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Jeune's Syndrome
Sunday, 08 August 2004
Thursday, 09 December 2004
Asphyxiating Thoracic Dystrophy


Jeune’s Syndrome is an inherited form of dwarfism characterized by many bone abnormalities. The most pronounced bone abnormality is in the rib cage where the ribs are broad, short, and irregularly joined to the sternum (breastbone). These children have a small, inflexible, bell-shaped chest cavity that doesn’t grow well. The reduced space inside the chest cavity interferes with the lungs ability to grow normally over time and expand in order to engage in proper breathing. Renal (kidney) and hepatic (liver) dysfunction are present in some cases.


Jeune’s Syndrome is usually recognized at birth and can occur in all ethnic groups. Males and females are affected equally. Approximately 40 children per year in the United States and over 600 worldwide are affected by Jeune’s Syndrome. In the United States, the overall incidence is approximately 1 per 100,000-130,000 live births.

Signs and Symptoms

Children with Jeune’s Syndrome can have symptoms that develop as newborns or as late as 4 or 5 years of age. The following features are usually associated with the syndrome:

  • Short stature
  • Skeletal abnormalities: short ribs, and short limbs, small, narrow, bell-shaped chest
  • Increased breathing rate
  • Difficulty breathing without assistance from a breathing machine or ventilator
  • Abdominal breathing (the use of accessory muscles in the chest and neck to help children breathe during periods of distress.)
  • Cyanosis (blue discoloration of the skin due to decreased breathing and lack of oxygenation)
  • Recurrent pneumonia and other respiratory infections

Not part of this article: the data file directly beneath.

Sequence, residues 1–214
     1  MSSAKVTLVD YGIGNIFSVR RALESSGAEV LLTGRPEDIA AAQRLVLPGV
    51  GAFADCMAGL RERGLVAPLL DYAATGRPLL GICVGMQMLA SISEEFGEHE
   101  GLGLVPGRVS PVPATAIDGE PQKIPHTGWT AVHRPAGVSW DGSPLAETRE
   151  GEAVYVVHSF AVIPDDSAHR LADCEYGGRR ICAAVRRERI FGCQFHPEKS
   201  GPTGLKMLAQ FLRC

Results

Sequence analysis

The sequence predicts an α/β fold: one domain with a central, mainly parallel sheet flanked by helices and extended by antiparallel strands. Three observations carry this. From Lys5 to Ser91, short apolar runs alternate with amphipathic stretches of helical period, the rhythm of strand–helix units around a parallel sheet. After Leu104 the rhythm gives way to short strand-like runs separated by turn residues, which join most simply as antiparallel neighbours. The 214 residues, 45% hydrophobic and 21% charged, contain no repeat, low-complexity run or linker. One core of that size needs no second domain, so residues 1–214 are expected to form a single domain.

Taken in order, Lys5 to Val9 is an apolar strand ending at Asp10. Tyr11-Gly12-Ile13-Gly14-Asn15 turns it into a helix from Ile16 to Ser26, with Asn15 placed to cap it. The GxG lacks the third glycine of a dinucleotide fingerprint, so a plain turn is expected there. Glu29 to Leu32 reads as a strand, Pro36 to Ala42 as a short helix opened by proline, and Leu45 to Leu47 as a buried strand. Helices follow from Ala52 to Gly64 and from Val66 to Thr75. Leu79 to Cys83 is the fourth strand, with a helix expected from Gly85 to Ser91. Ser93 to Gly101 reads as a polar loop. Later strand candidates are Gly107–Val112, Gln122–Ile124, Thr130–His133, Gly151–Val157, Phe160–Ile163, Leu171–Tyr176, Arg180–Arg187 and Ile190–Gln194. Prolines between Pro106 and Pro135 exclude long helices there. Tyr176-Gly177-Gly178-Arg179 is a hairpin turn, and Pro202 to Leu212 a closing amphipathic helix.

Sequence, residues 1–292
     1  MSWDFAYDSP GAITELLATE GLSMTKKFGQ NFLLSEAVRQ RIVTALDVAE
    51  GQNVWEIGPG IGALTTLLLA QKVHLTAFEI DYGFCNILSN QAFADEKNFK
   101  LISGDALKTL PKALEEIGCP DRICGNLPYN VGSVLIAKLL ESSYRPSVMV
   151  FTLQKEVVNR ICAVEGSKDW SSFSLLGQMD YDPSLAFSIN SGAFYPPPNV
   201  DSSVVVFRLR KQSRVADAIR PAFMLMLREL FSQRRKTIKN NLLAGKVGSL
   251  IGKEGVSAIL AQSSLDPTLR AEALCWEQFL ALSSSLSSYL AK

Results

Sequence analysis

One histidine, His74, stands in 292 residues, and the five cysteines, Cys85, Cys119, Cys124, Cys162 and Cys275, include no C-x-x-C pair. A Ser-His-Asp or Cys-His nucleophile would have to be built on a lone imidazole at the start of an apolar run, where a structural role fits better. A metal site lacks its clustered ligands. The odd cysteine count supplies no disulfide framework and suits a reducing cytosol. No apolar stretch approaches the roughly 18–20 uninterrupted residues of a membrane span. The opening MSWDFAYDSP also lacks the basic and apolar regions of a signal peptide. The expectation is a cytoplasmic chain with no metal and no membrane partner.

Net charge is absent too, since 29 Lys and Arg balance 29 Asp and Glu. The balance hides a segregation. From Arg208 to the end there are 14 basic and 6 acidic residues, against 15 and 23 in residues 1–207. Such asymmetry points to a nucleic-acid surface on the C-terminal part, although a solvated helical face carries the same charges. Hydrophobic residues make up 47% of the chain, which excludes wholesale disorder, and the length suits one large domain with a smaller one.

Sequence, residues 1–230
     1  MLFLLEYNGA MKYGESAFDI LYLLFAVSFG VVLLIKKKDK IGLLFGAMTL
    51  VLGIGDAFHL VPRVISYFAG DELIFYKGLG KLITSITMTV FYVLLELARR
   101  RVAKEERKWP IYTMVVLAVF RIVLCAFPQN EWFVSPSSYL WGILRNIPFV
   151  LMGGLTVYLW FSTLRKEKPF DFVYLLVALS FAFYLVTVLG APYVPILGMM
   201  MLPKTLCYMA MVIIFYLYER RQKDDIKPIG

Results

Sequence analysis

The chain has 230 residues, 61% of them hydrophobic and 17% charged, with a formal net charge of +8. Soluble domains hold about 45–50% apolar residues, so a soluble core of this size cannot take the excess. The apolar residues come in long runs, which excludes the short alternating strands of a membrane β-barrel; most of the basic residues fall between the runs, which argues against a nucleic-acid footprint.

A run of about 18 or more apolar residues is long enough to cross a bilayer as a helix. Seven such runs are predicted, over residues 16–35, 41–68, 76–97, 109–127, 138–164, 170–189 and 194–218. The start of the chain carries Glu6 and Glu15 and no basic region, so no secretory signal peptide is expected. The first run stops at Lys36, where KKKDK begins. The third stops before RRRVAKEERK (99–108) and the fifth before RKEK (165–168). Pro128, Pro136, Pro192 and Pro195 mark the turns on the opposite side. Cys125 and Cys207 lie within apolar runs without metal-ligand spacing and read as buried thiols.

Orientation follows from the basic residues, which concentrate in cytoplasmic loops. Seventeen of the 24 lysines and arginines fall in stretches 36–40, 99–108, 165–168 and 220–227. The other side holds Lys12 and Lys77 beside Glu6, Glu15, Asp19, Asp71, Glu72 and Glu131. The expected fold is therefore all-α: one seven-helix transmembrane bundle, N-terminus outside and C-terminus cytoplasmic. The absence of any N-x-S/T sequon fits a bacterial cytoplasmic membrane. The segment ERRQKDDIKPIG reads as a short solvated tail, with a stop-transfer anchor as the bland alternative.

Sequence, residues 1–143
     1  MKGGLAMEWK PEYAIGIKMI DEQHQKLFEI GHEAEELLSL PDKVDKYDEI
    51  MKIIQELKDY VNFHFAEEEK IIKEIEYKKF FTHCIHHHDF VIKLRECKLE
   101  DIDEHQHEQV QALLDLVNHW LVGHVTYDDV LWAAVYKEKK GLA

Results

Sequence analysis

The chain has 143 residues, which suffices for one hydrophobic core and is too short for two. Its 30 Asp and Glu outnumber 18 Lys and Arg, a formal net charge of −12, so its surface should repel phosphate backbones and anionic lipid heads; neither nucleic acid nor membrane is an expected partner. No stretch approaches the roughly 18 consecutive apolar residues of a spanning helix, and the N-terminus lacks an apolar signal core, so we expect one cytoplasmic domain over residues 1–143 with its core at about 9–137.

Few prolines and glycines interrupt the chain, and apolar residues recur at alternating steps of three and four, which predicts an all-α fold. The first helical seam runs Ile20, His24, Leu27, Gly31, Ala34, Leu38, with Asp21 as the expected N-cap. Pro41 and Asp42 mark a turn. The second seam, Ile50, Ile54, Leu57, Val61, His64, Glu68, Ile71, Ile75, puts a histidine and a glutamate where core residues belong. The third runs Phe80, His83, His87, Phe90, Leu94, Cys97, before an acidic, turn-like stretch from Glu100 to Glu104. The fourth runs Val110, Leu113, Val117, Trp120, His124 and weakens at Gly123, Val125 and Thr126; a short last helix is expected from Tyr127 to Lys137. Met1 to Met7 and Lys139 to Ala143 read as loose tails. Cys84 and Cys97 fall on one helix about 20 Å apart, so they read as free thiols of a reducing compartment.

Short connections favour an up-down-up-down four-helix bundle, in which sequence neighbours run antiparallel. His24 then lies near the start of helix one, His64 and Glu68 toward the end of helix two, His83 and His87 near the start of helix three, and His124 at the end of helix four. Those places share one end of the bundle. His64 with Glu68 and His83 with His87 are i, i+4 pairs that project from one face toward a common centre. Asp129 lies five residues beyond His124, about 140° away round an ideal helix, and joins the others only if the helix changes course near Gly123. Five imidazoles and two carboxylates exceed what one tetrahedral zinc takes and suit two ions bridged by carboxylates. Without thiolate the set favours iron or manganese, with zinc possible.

• Visual problems may be present in some cases due to deterioration of the retina (structure in the eye responsible for color)
  • Kidney disease often develops
  • Liver disease can also develop and result in a yellow discoloration to the eyes and skin (jaundice).

Possible Causes

Jeune’s Syndrome is an inherited disorder that is transmitted from parent to child through abnormal genes. The parents usually do not show signs of the disease because they are “carriers” (a carrier is a person who has one copy of the abnormal gene and one copy of the normal gene). A child with two abnormal copies of the gene will visibly express the physical abnormalities associated with Jeune’s Syndrome. During normal breathing, muscles around the ribs called intercostals muscles move the ribs outward and upward to increase the space in the chest cavity providing more space for the lungs to expand. In Jeune’s Syndrome the small, bell-shaped thoracic cavity enclosed by abnormally short ribs creates a smaller, more rigid space wherein the lungs are expected to expand. These physical abnormalities compromise the lungs ability to expand and take in air to allow for normal breathing. The specific cause has not been discovered.


Jeune’s syndrome may be detected at birth or during infancy by recognizing the physical signs. It is usually recognizable at birth by the narrowness of the infant's chest and their abnormally short limbs. Imaging studies such as x-rays and prenatal ultrasounds can confirm the diagnosis: ribs are short, as well as bones in the arms and legs; and the pelvis is flattened.